Since retiring as a player in 1989, Kareem has balanced his love of basketball with his love of history. In 2002 he led a USBL team, the Oklahoma Storm, to a championship. Since 2005, he has been the special assistant coach for the Lakers, working with Andrew Bynum.

In 2008 he was chosen The Greatest Player in College Basketball History.

Kareem also remains intellectually active, authoring six bestselling history books intended to popularize the contributions of African-Americans to American culture and history. His books include "Black Profiles in Courage: A Legacy of African-American Achievement"; "Brothers in Arms: The Epic Story of the 761st Tank Battalion, WWII's Forgotten Heroes"; "A Season on the Reservation," which chronicles his time teaching basketball and history on an Apache Indian reservation in White River, Ariz.; and the current New York Times and Los Angeles Times bestseller, "On the Shoulders of Giants: My Journey Through the Harlem Renaissance."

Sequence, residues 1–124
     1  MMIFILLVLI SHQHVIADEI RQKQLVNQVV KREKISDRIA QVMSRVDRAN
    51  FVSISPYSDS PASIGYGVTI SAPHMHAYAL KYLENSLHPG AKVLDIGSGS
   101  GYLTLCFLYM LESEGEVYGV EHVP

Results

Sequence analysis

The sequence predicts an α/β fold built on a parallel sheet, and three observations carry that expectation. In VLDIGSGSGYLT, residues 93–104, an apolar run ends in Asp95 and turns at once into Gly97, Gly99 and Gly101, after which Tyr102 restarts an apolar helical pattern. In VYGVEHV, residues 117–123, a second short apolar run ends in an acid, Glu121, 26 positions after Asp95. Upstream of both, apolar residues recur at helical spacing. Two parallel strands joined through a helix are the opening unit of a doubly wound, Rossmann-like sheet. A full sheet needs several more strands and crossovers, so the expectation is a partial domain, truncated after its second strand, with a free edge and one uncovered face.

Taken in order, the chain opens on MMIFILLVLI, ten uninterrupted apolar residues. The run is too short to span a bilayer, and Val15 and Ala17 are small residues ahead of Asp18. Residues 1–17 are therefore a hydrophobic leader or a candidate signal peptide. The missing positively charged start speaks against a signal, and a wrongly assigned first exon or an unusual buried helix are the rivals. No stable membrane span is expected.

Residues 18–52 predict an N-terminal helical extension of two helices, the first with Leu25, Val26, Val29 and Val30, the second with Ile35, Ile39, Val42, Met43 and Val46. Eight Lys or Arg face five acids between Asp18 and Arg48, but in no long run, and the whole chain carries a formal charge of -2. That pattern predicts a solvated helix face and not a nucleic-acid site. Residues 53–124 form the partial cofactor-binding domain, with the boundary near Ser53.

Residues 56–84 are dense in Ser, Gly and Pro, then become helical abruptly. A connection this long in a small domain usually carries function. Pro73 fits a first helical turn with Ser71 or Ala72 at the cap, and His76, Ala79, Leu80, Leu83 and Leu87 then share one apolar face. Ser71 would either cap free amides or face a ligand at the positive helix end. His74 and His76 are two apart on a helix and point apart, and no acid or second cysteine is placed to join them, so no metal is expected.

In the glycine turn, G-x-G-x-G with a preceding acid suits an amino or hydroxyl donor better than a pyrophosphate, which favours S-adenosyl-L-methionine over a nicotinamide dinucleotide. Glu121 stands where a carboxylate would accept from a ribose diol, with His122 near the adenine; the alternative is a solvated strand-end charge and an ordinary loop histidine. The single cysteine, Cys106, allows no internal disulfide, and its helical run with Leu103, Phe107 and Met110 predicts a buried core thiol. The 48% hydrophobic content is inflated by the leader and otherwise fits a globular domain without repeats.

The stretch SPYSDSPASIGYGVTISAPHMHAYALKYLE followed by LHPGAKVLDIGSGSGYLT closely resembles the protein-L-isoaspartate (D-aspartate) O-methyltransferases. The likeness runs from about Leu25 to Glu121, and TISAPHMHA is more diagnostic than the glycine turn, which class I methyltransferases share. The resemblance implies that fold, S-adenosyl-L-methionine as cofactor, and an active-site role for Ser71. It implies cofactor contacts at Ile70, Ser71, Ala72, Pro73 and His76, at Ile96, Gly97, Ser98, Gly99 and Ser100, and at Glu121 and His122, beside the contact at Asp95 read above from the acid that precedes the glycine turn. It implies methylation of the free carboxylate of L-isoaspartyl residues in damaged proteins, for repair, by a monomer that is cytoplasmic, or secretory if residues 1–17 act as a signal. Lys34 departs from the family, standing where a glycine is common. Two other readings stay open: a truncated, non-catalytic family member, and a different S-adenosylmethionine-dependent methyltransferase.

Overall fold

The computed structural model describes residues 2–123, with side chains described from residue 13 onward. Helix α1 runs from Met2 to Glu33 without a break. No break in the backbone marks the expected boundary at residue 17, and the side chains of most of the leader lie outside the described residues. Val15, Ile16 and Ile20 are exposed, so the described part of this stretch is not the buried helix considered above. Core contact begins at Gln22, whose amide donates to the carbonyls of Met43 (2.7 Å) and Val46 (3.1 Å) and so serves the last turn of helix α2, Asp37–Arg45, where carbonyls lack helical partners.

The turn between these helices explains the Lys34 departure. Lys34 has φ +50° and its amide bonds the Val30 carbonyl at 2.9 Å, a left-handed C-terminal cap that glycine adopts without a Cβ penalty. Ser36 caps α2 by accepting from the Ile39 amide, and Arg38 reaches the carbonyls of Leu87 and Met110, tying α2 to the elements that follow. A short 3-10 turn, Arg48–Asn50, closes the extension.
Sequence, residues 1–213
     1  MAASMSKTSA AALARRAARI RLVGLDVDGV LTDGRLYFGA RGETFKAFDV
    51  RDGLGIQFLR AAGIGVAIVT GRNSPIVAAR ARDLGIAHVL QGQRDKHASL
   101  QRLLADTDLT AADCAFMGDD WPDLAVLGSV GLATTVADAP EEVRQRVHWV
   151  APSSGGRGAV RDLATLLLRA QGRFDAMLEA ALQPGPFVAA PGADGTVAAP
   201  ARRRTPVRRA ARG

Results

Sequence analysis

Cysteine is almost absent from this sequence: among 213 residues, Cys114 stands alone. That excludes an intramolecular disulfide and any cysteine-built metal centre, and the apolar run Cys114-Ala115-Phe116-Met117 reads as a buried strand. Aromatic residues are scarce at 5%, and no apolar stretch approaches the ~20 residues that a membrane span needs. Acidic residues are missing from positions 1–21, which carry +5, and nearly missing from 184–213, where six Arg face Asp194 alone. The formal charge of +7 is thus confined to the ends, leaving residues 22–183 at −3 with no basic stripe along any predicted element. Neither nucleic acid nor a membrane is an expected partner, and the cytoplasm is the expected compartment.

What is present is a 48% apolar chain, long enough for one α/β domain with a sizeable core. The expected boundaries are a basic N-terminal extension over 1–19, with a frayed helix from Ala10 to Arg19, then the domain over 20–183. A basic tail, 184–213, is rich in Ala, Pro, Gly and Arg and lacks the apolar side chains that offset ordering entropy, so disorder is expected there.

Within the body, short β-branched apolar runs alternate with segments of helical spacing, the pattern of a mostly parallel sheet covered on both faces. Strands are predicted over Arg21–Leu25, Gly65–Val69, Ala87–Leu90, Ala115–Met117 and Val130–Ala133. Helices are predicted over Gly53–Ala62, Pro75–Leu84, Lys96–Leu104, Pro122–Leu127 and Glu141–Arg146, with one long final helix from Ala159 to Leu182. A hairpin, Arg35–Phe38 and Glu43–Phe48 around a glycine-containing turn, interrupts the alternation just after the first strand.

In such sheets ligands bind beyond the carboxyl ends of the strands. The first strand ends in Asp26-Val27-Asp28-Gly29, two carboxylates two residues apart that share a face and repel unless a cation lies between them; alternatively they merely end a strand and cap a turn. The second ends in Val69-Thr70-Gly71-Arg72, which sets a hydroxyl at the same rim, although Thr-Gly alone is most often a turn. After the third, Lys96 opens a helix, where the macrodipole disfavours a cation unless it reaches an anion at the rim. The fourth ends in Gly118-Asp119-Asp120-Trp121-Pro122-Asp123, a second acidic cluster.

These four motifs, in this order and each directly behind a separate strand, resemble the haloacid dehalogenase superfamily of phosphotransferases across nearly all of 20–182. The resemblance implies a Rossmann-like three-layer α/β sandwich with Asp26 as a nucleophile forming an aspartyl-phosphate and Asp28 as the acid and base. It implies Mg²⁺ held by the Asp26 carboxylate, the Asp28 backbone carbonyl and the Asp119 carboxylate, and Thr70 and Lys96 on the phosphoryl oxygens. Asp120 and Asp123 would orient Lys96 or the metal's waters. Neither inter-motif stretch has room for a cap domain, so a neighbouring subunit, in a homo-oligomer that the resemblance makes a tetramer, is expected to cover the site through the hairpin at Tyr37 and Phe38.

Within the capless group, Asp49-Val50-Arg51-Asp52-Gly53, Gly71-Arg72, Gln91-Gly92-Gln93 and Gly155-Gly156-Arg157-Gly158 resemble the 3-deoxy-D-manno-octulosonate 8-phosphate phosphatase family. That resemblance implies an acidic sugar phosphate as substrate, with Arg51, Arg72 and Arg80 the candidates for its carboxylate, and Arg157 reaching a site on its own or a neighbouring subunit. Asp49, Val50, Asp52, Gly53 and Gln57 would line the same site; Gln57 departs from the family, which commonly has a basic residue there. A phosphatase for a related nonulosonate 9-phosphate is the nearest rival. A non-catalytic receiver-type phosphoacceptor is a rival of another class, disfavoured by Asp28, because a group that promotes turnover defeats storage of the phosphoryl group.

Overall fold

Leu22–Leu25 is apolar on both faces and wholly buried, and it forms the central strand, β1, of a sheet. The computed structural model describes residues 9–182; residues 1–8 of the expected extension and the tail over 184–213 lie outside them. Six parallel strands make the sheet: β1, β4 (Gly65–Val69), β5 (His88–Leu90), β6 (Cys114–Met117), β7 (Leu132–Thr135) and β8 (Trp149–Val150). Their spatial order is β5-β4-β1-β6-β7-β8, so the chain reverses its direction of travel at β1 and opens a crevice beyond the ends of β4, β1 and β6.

His audio adaptation, "On the Shoulders of Giants: My Audio & Musical Journey through the Harlem Renaissance," is a four-volume compilation read by Bob Costas, Avery Brooks, Jesse L. Martin, and Stanley Crouch, and features private and fascinating conversations with dozens of icons, including Coach John Wooden, Julius Erving, Charles Barkley, Samuel L. Jackson, Maya Angelou, Quincy Jones and Billy Crystal. He has also been written to L.A. Times, under the Sports section.

Kareem Abdul-Jabbar has been appearing on various radio stations and TV shows, as well as the most relevant websites talking about his life and his new audio book, On the Shoulders of Giants.

All images are property of www.iconomy.com unless otherwise stated. All info copyrighted and owned by Kareem Abdul-Jabbar is not replicated without permission.